Maintenance is not a chore that can be handled ad hoc by low-level technicians. Over a period of months or years, this approach to maintenance can easily pollute the data quality that was so carefully established during startup. This is particularly true in organizations plagued by understaffing, high turnover and too few training dollars. It can also come to pass simply by virtue of the success of a GIS. Unanticipated demand by unforeseen users can hamper the ability of GIS staff to merely provide basic services; maintenance is put off until someone has time to get to it. Maintenance may seem like a crisis sometimes. Lack of it can certainly cause crises. But, in Chinese, “crisis” also means “opportunity.” Innovative maintenance represents an opportunity to save money and improve GIS data quality. Don`t pass it up.

Author Bio

Mickey Fain founded Serion International (formerly SMARTSCAN Inc.) in 1981. Serion is one of the leading full-service spatial database management firms in the United States. Fain is the co-author of a white paper entitled “GIS Database Maintenance–Part I.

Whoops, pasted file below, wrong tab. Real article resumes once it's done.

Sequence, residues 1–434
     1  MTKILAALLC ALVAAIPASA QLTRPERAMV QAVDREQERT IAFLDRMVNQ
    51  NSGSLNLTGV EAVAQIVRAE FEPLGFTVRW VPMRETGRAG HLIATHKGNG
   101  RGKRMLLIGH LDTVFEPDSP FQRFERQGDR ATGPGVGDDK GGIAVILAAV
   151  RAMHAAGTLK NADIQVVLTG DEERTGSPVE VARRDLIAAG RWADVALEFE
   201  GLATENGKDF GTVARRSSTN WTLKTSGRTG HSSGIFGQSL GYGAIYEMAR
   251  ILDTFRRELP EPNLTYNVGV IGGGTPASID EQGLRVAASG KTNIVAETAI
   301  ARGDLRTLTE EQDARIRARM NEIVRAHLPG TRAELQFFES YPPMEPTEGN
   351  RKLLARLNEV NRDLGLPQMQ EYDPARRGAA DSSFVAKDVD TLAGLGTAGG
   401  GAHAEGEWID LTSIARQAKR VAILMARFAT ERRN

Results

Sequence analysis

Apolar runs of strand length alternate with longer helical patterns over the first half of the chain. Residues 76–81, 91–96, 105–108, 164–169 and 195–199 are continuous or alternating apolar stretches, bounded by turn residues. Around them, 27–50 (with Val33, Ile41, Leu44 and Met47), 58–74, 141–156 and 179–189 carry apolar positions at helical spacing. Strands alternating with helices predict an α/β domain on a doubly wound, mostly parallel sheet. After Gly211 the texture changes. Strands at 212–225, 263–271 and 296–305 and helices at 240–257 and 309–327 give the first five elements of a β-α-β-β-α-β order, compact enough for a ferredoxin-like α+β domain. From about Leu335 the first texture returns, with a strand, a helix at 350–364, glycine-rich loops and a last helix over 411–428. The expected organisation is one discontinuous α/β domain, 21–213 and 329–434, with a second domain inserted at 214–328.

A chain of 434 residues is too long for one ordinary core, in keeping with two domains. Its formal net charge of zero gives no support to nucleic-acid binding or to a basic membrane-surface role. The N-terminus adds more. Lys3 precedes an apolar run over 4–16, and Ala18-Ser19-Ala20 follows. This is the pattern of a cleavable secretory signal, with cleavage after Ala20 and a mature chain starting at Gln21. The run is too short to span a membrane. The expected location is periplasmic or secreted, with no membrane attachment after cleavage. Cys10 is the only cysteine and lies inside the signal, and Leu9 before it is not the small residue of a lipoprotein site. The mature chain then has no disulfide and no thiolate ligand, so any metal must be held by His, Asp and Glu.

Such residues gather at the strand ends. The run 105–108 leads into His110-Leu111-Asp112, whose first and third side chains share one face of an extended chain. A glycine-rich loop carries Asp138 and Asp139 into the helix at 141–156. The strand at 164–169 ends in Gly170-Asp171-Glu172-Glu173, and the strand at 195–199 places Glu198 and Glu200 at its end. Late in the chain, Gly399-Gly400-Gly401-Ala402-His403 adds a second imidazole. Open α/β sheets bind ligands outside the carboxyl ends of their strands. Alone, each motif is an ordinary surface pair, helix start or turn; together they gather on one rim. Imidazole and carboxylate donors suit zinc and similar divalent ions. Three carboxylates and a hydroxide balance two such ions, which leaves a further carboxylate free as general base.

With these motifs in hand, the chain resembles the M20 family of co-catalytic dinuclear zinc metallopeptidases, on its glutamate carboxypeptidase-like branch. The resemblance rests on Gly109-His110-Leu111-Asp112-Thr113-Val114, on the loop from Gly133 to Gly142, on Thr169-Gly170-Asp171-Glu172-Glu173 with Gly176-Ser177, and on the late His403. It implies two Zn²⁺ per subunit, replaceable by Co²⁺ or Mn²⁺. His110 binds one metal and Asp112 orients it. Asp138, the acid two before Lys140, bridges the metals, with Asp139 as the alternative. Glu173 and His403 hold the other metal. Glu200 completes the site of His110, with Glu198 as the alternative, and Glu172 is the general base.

If you would like to see more articles on this topic, circle R.S. 117.

For more information on this article, circle R.S. 118.


  • The Clarion Energy Content Team is made up of editors from various publications, including POWERGRID International, Power Engineering, Renewable Energy World, Hydro Review, Smart Energy International, and Power Engineering International. Contact the content lead for this publication at

Previous articlePOWERGRID_INTERNATIONAL Volume 1 Issue 5
Next articlePOWERGRID_INTERNATIONAL Volume 1 Issue 6
The Clarion Energy Content Team is made up of editors from various publications, including POWERGRID International, Power Engineering, Renewable Energy World, Hydro Review, Smart Energy International, and Power Engineering International. Contact the content lead for this publication at

No posts to display